From the talk and the presentations at StormCon this year it is clear that the dominant recent trends in stormwater are not going away. That said, many of the barriers that have prevented these trends from taking off remain.
Advanced pollutant removal
While the focus remains on removing sediment and any sediment-bound pollutants, there is on-going concern about removing non-sediment bound pollutants. Those receiving the most attention right now are phosphorous, heavy metals and bacteria. The primary barrier, that there are no inexpensive removal technologies, remains. The problem is made worse by the fact that partitioning of these contaminants is dependent on water quality so conducting realistic lab studies is a challenge. Field studies are an option but they are a relatively slow and expensive way to conduct research.
There has been a significant amount of funding made available for infrastructure in recent years but it still falls well short of the amount of money that is needed so competition for dollars is fierce. Stormwater does not tend to get the same attention as drinking water and wastewater so funding remains a challenge. In some cases money for capital is available but they human resources are not available. This may create opportunities for private contractors to do work on behalf of municipalities.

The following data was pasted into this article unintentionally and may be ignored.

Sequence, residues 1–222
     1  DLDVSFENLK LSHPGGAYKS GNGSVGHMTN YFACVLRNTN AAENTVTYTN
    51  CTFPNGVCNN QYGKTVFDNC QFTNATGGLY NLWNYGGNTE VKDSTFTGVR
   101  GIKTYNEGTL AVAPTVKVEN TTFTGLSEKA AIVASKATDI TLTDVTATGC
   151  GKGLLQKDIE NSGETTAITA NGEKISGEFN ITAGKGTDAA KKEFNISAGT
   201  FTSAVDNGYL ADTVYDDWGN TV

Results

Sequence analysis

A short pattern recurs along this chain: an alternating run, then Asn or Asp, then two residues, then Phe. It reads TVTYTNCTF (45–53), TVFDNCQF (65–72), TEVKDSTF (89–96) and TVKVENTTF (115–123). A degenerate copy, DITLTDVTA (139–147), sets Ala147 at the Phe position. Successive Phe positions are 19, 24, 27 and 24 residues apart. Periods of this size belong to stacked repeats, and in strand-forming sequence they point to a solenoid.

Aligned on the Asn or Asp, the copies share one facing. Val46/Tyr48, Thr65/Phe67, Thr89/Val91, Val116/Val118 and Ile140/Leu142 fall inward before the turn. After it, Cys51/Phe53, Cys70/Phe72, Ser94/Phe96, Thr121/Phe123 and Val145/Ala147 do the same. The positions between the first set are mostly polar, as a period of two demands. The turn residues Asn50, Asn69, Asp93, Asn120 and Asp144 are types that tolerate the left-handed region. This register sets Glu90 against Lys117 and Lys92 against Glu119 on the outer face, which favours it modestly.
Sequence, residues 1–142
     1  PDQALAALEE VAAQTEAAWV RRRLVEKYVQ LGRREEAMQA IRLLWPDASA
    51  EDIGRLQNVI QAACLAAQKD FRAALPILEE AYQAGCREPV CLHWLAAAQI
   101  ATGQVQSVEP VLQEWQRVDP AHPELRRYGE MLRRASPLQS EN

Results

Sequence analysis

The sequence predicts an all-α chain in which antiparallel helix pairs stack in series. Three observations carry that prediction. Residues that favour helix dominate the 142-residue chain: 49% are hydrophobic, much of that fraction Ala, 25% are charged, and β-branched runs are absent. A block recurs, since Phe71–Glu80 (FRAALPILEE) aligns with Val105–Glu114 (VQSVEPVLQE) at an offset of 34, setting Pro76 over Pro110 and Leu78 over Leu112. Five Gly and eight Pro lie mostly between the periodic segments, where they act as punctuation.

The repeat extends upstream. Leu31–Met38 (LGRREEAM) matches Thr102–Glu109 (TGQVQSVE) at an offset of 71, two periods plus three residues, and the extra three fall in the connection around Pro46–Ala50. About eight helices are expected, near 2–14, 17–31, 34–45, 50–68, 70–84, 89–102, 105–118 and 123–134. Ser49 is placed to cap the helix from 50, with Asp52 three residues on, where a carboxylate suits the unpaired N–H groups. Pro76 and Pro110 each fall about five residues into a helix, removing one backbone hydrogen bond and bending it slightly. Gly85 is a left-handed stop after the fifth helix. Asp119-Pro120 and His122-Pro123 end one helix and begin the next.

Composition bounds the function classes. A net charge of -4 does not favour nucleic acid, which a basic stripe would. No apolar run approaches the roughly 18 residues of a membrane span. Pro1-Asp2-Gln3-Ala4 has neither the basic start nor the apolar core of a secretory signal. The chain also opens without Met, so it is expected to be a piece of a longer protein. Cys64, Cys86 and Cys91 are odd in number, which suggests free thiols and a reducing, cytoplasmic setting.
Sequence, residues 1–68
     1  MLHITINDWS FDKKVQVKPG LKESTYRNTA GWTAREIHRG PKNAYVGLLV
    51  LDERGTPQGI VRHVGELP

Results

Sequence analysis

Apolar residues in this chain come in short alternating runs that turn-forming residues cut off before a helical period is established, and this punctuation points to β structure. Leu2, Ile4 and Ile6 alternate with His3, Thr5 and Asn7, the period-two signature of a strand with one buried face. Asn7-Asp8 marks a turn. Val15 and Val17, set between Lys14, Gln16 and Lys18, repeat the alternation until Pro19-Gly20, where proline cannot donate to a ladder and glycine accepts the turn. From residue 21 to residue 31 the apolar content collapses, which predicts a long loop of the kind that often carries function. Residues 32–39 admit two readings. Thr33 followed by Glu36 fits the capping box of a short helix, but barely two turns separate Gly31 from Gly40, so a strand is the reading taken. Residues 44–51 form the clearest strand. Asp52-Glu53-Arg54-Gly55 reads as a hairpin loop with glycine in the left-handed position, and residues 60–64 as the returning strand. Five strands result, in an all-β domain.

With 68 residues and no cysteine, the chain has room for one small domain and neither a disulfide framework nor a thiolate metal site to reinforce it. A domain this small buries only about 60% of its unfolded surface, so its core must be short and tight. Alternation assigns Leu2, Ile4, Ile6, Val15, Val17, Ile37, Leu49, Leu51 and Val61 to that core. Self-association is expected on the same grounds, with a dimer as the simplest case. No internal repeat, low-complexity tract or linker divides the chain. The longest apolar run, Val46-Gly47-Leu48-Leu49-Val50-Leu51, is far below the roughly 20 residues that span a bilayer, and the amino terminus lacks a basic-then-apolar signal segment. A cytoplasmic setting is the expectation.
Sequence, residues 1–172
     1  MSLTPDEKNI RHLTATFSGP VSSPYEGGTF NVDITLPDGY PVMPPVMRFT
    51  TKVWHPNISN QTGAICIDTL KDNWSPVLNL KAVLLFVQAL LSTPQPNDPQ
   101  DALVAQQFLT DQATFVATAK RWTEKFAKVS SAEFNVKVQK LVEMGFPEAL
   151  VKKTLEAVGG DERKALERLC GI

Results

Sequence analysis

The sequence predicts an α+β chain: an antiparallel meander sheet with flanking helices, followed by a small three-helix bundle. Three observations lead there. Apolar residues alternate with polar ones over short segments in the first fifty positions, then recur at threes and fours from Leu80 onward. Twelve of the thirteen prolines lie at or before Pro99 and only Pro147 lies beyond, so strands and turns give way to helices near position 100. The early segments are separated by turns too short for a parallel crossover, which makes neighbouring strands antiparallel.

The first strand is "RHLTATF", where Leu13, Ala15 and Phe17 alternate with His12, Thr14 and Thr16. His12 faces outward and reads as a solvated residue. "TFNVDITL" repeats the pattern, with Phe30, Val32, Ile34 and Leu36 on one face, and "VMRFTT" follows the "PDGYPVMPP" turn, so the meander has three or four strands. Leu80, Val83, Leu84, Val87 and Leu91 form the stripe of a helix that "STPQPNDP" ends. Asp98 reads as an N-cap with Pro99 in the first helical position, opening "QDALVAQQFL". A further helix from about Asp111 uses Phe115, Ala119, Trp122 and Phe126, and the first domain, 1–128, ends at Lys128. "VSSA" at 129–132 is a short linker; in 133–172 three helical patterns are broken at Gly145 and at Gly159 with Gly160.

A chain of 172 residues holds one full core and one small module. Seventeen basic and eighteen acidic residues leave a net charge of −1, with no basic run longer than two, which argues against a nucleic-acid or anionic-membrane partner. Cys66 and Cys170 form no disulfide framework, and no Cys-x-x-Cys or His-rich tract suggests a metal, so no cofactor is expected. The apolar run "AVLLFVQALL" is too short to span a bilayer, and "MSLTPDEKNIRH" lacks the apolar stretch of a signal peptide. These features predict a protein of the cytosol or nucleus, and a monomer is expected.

Green infrastructure, also called low impact development (LID) is one trend that is definitely growing. It has some real and perceived advantages that have helped it maintain momentum. Real advantages included better aesthetics than MTDs and the fact they are often designed to treat quantity as well as quality. The perceived advantage is that “green” is better than “gray”. The hurdle faced by green infrastructure is a lack of quality performance data that hinders attempts at optimizing design or predicting the outcome of an installation. As with studying advanced pollutant removal there are so many options with GI that it is difficult to know where to start a lab study while field studies are slow and expensive.
Combining of green and gray infrastructure to provide an entire solution to a specific problem is another topic that keeps coming up. There are multiple hurdles to progress in this case. First, there is the issue of performance data for green infrastructure. Second, there is the issue of the perception that if a solution is not all green then it is not green at all. Finally, there is the fact that solution providers for green infrastructure rarely work with manufactured devices and vice versa so there is a lack of experience to go on.